• UK must prepare for increased transport cyber-security threat…

    800 450 Jack Wynn

    A new report from Transport Systems Catapult (TSC) suggests the UK transport sector needs to increase its focus on cyber-security in the face of ‘rapidly emerging’ technological developments.

    The report – supported by The Institute of Engineering Technology (IET), the Digital Catapult, IBM and the Intelligent Mobility Partnership (IMPART) – cites a number of trends in mobility, cyber-security, technology and society that are making the environment ‘much more complex’ to deliver safe, secure, and reliable infrastructure and mobility services.

    The emergence of a global ‘Intelligent Mobility’ market is one particular example highlighted by TSC, featuring the Internet of Things (IoT), automated vehicles and increasing use personal data to create services tailored to the individual. This could potentially add another layer of complexity into an already vulnerable transport network, as well as open new cyber-threats.

    Andrew Everett, chief strategy officer at TSC said: “The cyber security issues faced by transport in the future will not simply be an acceleration of the current constant, with more cyber-attacks. The way we move people and goods around the globe is undergoing a radical change.

    “It is being driven by technological advances such as wireless communications, smart devices, Open Data, the Internet of Things and more recently artificial intelligence. The surface area of potential attacks is set to increase significantly and the transport industry needs to get to grips with this immediately.”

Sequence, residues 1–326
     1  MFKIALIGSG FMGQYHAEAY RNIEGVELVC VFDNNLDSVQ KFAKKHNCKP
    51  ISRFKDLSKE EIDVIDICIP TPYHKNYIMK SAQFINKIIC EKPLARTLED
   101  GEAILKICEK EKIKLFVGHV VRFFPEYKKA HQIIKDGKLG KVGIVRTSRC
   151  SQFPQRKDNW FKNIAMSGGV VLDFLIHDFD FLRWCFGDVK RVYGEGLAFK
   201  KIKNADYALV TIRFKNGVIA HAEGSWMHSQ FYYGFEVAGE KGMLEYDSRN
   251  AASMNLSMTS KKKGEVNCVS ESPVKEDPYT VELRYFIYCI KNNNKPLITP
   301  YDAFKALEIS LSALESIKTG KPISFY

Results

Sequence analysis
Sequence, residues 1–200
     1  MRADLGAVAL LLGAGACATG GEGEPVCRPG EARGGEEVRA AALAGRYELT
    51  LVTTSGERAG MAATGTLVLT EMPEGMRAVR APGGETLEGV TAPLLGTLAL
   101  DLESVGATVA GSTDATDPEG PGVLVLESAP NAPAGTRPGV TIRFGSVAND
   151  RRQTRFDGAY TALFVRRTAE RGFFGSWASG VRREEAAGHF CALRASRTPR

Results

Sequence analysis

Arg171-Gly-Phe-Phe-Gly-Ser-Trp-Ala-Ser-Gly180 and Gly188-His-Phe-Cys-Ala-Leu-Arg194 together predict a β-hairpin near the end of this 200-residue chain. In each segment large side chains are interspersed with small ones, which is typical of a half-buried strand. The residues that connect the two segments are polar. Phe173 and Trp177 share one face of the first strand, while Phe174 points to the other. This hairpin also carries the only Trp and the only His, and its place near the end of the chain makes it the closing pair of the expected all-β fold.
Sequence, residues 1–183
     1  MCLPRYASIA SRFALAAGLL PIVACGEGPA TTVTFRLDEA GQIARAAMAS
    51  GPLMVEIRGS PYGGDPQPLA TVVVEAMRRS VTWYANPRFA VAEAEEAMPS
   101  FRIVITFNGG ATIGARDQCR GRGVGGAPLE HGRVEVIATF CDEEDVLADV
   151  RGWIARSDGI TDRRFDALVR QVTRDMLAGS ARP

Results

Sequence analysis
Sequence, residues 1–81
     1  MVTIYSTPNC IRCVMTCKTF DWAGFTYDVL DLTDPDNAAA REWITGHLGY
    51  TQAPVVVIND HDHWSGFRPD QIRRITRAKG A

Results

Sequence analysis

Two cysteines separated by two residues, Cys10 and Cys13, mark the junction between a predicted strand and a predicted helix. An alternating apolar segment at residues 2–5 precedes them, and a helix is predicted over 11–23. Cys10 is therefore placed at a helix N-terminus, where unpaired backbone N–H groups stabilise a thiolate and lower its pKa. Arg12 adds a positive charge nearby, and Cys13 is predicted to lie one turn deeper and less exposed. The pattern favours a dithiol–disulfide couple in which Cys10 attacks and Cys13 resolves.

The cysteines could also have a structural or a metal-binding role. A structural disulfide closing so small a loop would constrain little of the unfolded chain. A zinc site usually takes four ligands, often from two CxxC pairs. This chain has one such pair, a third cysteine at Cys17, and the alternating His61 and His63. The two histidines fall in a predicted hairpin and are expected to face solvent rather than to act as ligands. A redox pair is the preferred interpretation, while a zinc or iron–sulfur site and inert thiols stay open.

A further example is the rush to automation, for trains, buses and cars. Current detection and action times on cyber incidents is measured in days, weeks and even months, however TSC warns that autonomous vehicle systems will require detection, identification and resolution within seconds to prevent serious safety consequences.

    Anna Bonne, head of Sector – Transport at the IET, added: “Intelligent mobility has huge potential to transform the way we travel. The UK is leading the world in this area especially through its trials of autonomous vehicles.

    “Operation of an autonomous vehicle will be heavily dependent on a lot of software embedded in the vehicle and their ability to communicate to other vehicles and the road infrastructure, so it is crucial that all aspects of cyber security are considered carefully. This report aims to raise awareness of the cyber security challenge in intelligent mobility and ensure that cyber security is considered at the design phase and not as an afterthought.”

    Read the full report here


    Jack Wynn

    All stories by: Jack Wynn